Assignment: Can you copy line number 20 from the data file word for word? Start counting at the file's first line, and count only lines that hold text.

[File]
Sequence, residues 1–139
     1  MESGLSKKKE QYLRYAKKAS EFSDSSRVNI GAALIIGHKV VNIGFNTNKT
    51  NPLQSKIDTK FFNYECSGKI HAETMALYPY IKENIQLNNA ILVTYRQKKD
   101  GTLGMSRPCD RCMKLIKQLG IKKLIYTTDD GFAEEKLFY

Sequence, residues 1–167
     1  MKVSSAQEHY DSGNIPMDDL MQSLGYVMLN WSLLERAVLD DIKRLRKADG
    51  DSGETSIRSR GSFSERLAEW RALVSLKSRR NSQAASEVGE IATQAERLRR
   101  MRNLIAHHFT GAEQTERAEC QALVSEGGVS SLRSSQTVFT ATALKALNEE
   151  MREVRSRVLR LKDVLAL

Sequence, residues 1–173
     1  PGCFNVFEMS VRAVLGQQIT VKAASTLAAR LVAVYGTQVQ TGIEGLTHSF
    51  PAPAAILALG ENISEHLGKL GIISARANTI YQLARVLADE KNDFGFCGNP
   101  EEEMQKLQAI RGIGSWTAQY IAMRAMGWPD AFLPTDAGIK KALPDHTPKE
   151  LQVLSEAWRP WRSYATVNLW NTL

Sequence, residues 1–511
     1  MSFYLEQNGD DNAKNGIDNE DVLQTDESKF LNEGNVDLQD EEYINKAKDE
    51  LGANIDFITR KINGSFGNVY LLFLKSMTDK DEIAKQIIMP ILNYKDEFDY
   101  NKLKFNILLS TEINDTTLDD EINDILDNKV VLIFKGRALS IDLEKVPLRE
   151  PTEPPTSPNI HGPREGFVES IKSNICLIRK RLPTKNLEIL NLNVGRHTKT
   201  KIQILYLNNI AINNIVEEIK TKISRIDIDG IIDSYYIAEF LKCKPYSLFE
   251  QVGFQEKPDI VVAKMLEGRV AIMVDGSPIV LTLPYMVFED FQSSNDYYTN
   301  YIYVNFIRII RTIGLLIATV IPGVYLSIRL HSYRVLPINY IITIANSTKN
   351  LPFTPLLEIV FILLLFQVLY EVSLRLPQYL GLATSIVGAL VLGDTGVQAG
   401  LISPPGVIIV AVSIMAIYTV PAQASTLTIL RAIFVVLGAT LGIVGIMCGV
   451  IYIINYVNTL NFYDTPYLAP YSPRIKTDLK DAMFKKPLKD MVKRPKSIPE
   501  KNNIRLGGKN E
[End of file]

   201  KIQILYLNNI AINNIVEEIK TKISRIDIDG IIDSYYIAEF LKCKPYSLFE